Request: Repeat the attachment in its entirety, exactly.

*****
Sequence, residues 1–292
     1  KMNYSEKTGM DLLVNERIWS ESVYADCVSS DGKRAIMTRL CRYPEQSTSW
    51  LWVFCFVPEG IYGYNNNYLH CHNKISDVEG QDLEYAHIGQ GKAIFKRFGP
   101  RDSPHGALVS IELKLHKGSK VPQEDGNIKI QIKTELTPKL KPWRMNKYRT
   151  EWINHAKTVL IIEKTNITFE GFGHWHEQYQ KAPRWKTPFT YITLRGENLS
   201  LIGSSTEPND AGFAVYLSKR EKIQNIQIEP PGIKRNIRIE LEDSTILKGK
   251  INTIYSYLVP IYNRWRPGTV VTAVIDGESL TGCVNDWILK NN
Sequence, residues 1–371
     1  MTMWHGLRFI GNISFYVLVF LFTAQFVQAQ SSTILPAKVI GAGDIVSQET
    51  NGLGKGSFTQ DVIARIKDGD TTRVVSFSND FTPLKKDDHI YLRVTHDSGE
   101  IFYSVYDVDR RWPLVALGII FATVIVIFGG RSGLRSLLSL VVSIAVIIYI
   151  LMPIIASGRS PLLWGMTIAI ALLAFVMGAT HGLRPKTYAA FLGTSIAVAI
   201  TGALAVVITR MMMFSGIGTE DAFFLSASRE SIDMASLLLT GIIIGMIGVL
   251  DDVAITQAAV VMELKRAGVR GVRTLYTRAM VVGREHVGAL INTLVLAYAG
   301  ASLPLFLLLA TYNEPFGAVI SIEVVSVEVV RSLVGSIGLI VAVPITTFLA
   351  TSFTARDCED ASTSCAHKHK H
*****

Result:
Sequence, residues 1–292
     1  KMNYSEKTGM DLLVNERIWS ESVYADCVSS DGKRAIMTRL CRYPEQSTSW
    51  LWVFCFVPEG IYGYNNNYLH CHNKISDVEG QDLEYAHIGQ GKAIFKRFGP
   101  RDSPHGALVS IELKLHKGSK VPQEDGNIKI QIKTELTPKL KPWRMNKYRT
   151  EWINHAKTVL IIEKTNITFE GFGHWHEQYQ KAPRWKTPFT YITLRGENLS
   201  LIGSSTEPND AGFAVYLSKR EKIQNIQIEP PGIKRNIRIE LEDSTILKGK
   251  INTIYSYLVP IYNRWRPGTV VTAVIDGESL TGCVNDWILK NN
Sequence, residues 1–371
     1  MTMWHGLRFI GNISFYVLVF LFTAQFVQAQ SSTILPAKVI GAGDIVSQET
    51  NGLGKGSFTQ DVIARIKDGD TTRVVSFSND FTPLKKDDHI YLRVTHDSGE
   101  IFYSVYDVDR RWPLVALGII FATVIVIFGG RSGLRSLLSL VVSIAVIIYI
   151  LMPIIASGRS PLLWGMTIAI ALLAFVMGAT HGLRPKTYAA FLGTSIAVAI
   201  TGALAVVITR MMMFSGIGTE DAFFLSASRE SIDMASLLLT GIIIGMIGVL
   251  DDVAITQAAV VMELKRAGVR GVRTLYTRAM VVGREHVGAL INTLVLAYAG
   301  ASLPLFLLLA TYNEPFGAVI SIEVVSVEVV RSLVGSIGLI VAVPITTFLA
   351  TSFTARDCED ASTSCAHKHK H